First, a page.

My Books, Banned and Burned: A Dramaworks Production

(From left to right) Richie Lester, Nanique Gheridian, and Dan Leonard pose for the camera after performing in the Dramaworks production of "My Books, Banned and Burned."

(From left to right) Richie Lester, Nanique Gheridian, and Dan Leonard pose for the camera after performing in the Dramaworks production of “My Books, Banned and Burned”

The topic of censorship took center stage last Wednesday at the Mandel Public Library when actors from Palm Beach Dramaworks performed a show titled My Books, Banned and Burned.  The three Dramaworks players portrayed authors such as Ernest Hemingway, Helen Keller and others whose writings were targeted as threats to the Nazi Germany society and ordered to be burned.  Anyone who has ever studied this period of history will recall the famous pictures of German university students tossing banned books into bonfires; the singed prose rising from off the pages in a self righteous stench toward the heavens.  The damned authors of the Nazi persecution were given a voice through Nanique Gheridian, Dan Leonard and Richie Lester’s reading of writer Mark Lynch’s script, and we in the audience were moved by the conviction and fierce determination to defend free speech denoted in the actors’ delivery.

A mural at the Banned and Burned: Literary Censorship and the Loss of Freedom Exhibit with a picture of books being burned in Nazi Germany

A mural at the Banned and Burned: Literary Censorship and the Loss of Freedom Exhibit with a picture of books being burned in Nazi Germany

The three-person drama explored not only how fascism can present a danger to free speech, but also fundamentalism.  Half-way through the performance, the setting switches to the Southern United States where a Christian church has also planned a public book burning.  It seems that the pastor of this church believes that he has the authority to burn J.K. Rowling’s Harry Potter books based on scriptures found in the Bible, specifically in Acts 19:19: “Many of them also which used curious arts brought their books together, and burned them before all men: and they counted the price of them, and found it fifty thousand pieces of silver.”

During this segment of the performance, I began to retrospectively contemplate my experience growing up in the Pentecostal faith.  We were discouraged to read anything outside of the King James Version of the Bible.  Many activities were banned in our church like listening to secular music, going to movie theaters, watching certain cartoons, and reading books that conflicted with the church dogma.  Later in life, as an adult, I wrestled with the faith of my youth, going back and forth, trying to decide what a sin was and what was not.  At one point, I threw away books and vinyl records that I believed were sinful.  Then years later, I renounced my faith and threw away my bible, only to years later after that, reverse my actions once again, and virtually read the Bible from cover to cover.  But one thing remained true, as the actors in this performance underscored, you can destroy books but you cannot kill ideas.  I found that to be very profound.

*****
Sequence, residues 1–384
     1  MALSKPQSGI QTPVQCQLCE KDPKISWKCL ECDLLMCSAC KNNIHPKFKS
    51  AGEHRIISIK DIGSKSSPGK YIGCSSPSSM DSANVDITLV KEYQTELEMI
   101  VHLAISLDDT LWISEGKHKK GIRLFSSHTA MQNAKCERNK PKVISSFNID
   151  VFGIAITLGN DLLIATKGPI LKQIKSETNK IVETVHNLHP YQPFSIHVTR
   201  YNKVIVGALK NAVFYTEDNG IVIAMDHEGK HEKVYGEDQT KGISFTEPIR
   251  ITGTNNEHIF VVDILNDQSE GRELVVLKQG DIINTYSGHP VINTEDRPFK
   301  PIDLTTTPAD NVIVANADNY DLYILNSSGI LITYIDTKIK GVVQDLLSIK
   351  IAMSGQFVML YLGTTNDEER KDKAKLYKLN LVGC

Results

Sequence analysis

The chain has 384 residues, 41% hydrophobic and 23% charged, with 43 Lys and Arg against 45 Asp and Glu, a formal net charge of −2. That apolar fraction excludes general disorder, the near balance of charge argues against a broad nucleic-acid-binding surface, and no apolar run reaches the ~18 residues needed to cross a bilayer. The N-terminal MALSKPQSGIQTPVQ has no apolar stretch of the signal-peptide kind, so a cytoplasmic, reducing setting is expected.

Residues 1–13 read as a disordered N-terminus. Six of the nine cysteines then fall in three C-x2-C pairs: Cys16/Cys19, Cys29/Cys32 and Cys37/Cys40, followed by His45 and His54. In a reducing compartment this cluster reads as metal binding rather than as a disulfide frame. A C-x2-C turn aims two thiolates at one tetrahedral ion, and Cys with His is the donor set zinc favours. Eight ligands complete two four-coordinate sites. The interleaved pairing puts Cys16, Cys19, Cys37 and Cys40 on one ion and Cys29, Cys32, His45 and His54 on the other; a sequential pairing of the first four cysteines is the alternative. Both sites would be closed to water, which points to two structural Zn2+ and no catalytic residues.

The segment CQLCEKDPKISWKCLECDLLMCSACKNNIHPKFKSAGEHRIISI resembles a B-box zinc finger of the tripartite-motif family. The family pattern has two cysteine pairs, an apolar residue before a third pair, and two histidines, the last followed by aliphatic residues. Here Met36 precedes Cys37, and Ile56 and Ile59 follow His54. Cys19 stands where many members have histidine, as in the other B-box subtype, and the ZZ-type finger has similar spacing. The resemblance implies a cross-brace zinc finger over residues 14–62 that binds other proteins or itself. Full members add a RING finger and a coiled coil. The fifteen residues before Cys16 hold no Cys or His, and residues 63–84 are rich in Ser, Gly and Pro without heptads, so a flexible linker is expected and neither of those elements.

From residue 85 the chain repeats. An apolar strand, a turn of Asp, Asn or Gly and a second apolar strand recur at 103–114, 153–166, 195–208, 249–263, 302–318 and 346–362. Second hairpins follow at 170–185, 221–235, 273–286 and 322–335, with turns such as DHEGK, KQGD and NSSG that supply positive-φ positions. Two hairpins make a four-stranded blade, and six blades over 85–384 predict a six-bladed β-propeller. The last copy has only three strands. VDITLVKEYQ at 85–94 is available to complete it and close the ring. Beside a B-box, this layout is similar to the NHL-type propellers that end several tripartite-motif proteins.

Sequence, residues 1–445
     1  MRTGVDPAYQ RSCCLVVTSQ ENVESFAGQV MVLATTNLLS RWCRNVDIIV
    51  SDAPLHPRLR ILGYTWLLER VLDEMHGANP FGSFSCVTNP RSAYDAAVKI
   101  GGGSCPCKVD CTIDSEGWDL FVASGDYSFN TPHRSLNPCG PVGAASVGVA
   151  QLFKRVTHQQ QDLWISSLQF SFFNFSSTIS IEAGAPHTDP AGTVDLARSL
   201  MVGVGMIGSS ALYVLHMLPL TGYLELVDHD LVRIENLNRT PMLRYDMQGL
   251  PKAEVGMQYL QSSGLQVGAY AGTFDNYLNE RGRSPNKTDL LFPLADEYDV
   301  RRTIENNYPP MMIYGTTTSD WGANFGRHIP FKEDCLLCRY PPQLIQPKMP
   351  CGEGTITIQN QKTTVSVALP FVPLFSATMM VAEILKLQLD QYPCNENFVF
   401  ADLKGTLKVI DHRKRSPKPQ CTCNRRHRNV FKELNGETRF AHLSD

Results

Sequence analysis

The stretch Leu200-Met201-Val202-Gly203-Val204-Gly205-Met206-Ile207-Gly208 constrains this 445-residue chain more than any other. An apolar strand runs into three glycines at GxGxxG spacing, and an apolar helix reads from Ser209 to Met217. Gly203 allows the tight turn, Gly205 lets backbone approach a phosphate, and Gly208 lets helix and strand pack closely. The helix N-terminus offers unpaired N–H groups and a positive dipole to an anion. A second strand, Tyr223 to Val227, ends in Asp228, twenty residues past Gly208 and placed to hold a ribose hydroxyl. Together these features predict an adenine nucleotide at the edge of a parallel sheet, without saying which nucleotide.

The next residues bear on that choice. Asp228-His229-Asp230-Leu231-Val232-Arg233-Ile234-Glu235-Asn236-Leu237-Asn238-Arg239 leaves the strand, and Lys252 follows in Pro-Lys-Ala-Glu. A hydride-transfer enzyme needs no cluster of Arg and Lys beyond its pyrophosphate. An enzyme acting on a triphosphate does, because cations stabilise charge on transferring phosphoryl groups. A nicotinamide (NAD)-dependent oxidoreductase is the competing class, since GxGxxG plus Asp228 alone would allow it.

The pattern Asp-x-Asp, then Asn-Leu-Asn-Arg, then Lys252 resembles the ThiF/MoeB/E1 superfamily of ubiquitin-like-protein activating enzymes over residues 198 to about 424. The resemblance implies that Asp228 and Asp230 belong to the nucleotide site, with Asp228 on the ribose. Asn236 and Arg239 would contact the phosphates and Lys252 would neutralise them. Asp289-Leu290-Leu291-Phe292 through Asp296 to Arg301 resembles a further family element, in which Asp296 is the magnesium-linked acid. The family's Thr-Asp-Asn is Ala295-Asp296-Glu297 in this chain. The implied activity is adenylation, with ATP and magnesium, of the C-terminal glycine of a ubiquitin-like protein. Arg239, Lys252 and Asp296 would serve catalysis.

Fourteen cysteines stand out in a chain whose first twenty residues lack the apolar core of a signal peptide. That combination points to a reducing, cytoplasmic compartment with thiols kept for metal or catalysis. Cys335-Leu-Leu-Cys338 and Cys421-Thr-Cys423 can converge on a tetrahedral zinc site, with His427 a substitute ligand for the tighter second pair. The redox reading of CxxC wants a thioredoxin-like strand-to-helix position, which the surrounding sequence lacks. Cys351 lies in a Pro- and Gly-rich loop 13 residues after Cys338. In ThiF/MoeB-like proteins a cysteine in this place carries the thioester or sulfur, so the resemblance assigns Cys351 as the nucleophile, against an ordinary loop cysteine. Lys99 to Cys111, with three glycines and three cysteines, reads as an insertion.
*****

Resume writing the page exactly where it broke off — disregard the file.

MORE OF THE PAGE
A poster displayed at the entrance of "My Books, Banned and Burned"

A poster displayed at the entrance of “My Books, Banned and Burned”

The German-Jewish writer Heinrich Heine summed it up best by saying, “Where one burns books, one will soon burn people.”  As an American living in the 21st century, it frightens me to think of living back in a time when books and people were burned because of conflicts in ideology, racism, extreme nationalism and fundamentalist religion.  Yet, it is still happening in our lifetime.  In Mali, extremism at the hands of Al-Qaeda has banned the beautiful musical and cultural traditions that were once world renown.  In fact, they have even destroyed historic ancient shrines in Timbuktu.  If we are to protect free speech, then we must speak up whenever injustice poses a threat to our ability to express ourselves with words.   My Books, Banned and Burned does just that, with a bit of pizzazz for a subject that too often is regrettably ignored.